Empire Builders of Devera






Among the Deveran nations, only Kameron rivals the abundance of natural resources lavished on the land of the Azgar. Huge  rivers teeming with fish meandered through great swaths of grassland. Vast forests blanketed the hills and high mountains surrounded their territory, protecting their fledgling civilization from enemies to the north and west. Their sheltered, deep water port excelled above all others in size, encouraging commerce with other nations to the extent that the Azgar began projecting their linguistic, diplomatic and economic reach far beyond the ancient fortress that had long been their home.



The Guardian Cliffs formed the traditional border between the Azgar and the Lithians to the north.
Successful trade made Southern Vulgate, the native language of the Azgar, Devera'’s de-facto common tongue. Further, their ideas of government by representation influenced even their enemies, and though they eventually abandoned true democracy for the stability of a corporate oligarchy, every Republic on Devera'’s continent owes its origin to the principles set out in Azgaril'’s founding documents--an ancient collection of laws known simply as "The Charter."


The Charter has influenced many nations outside Azgaril territory.

Central to the cultural mind set prevalent among the Azgar was the precept that what they considered moral purity leads to prosperity and success. Therefore, they believed that their societal affluence proved that the complex and democratic interaction among their many gods constituted divine favor and blessing. All their moral values developed along these lines, until the Azgar began believing that their society alone promoted virtue, goodness and equity. Human liberty, the birthright of all the Azgar, could not be extended to other peoples whose social orders did not match the principles outlined in "The Charter."
Therefore, as the centries passed Azgar religion began espousing the idea that national destiny lay in conquest. Azgaril leaders earnestly desired to impose their views on surrounding nations, thinking that by exacting their morally-superior form of government upon the enslaved masses, they were emancipating men and women yet to be born from the shackled subservience of other human systems. Any child born after such conquest was considered an Azgar citizen, despite his or her culture of origin, and as a citizen, qualified for every right granted to  native Azgar. All others remained worthy of servitude, without hope for redress or compensation.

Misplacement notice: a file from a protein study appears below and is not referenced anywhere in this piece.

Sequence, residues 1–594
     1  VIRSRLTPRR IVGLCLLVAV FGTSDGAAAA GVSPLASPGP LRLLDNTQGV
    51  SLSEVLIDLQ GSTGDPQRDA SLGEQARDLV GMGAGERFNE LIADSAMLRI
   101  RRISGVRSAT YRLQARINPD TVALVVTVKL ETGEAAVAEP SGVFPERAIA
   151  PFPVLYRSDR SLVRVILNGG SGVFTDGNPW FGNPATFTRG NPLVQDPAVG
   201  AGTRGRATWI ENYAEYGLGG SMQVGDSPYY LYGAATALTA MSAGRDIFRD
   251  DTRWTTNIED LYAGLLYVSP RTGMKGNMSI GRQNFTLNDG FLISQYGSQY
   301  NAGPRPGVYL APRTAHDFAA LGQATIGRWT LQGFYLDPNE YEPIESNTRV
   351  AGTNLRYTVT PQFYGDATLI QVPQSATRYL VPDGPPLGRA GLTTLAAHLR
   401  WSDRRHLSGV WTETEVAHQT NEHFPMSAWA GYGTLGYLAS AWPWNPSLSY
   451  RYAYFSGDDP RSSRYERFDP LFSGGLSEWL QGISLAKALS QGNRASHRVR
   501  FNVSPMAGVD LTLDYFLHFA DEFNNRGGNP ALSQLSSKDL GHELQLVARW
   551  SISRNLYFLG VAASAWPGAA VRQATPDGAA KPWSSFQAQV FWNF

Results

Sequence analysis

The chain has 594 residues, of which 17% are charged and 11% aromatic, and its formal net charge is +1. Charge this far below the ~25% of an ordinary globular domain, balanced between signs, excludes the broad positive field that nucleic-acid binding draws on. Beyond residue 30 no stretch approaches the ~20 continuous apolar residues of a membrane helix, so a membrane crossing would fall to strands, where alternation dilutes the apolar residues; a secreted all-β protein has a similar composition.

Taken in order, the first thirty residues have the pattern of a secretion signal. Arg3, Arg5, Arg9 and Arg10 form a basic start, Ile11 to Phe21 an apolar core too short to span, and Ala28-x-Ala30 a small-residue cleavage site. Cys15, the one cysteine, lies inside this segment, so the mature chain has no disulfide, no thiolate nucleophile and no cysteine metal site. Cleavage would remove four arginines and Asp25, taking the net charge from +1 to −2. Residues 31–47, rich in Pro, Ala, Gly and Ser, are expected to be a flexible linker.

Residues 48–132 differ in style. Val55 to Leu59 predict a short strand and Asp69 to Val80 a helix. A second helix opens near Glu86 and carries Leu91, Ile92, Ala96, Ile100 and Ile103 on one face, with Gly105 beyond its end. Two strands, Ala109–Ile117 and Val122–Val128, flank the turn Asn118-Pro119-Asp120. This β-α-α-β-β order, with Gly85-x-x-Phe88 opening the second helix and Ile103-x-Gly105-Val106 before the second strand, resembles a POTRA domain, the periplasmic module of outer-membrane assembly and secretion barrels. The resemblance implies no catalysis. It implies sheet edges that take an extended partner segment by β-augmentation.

Liberation Pass, the gateway to the eastern lands of the Azgaril.


For many centuries, the democratic ideals of Azgaril society spread, like their language, across the continent. As their institutions became progressively more militant, the Azgar adopted a view extending their moral and cultural dominance to resource acquisition. As their economy expanded, so did their need for fuel and raw materials. Since economic growth was seen as an indicator of divine blessing, they denuded their forests for fuel and carved huge pits into the ground in an insatiable quest for mineral wealth. Once their own supplies lay exhausted, they turned their attention to the surrounding nations, whose resources could be expropriated and shipped overland by train, or on water by barge, to the huge industrial complexes that developed along the three major river systems in their native region.



Azgaril City

To project power and defend their conquests, the Azgaril built massive, privately-owned armed forces whose allegiances belonged to influential businessmen. Warlords sought commissions from these powerful corporate monopolies to justify and preserve their existence, then subsequently utilized their acquired military might to subdue threats to the Azgaril national interest; in essence, any resource-rich region whose people resisted foreign colonization. This drive for conquest expanded borders, preserved the national lifestyle from crumbling under its excessive resource consumption, and unparalleled success reinforced the notion among individual Azgar that their gods condoned such policies.


The coast of Dark Crescent Bay
The rise of corporate power wielded considerable influence over Azgaril governance. Republican ideals remained enshrined in The Charter, but the documents lost their authority over time. In actual practice, free and fair elections were gradually displaced by a political system that rewarded wealthy citizens who could raise enough money to buy power. Although the emperor slowly lost the administrative control characteristic of his position in early Azgar history, his position soon overshadowed the role played by gods in the Azgaril pantheon. He became the chosen representative of all deities, (though he was elected by the Azgar Senate) and shrewd emperors enhanced their standing by backing policies of certain corporations who were, by virtue of their wealth and the power of their armies, more likely to succeed than their rivals.


Severe erosion from deforestation, west of Marioch.

Thus, the democratic ideals upon which Azgar society had been founded faded into history. They became a nation of armies, every one of which named itself to glorify the state, even though their existence depended upon powerful, corporate sponsorship. Under the pretense of freedom, they embraced conquest, and in doing so, inspired both dread and loathing among neighboring nations.



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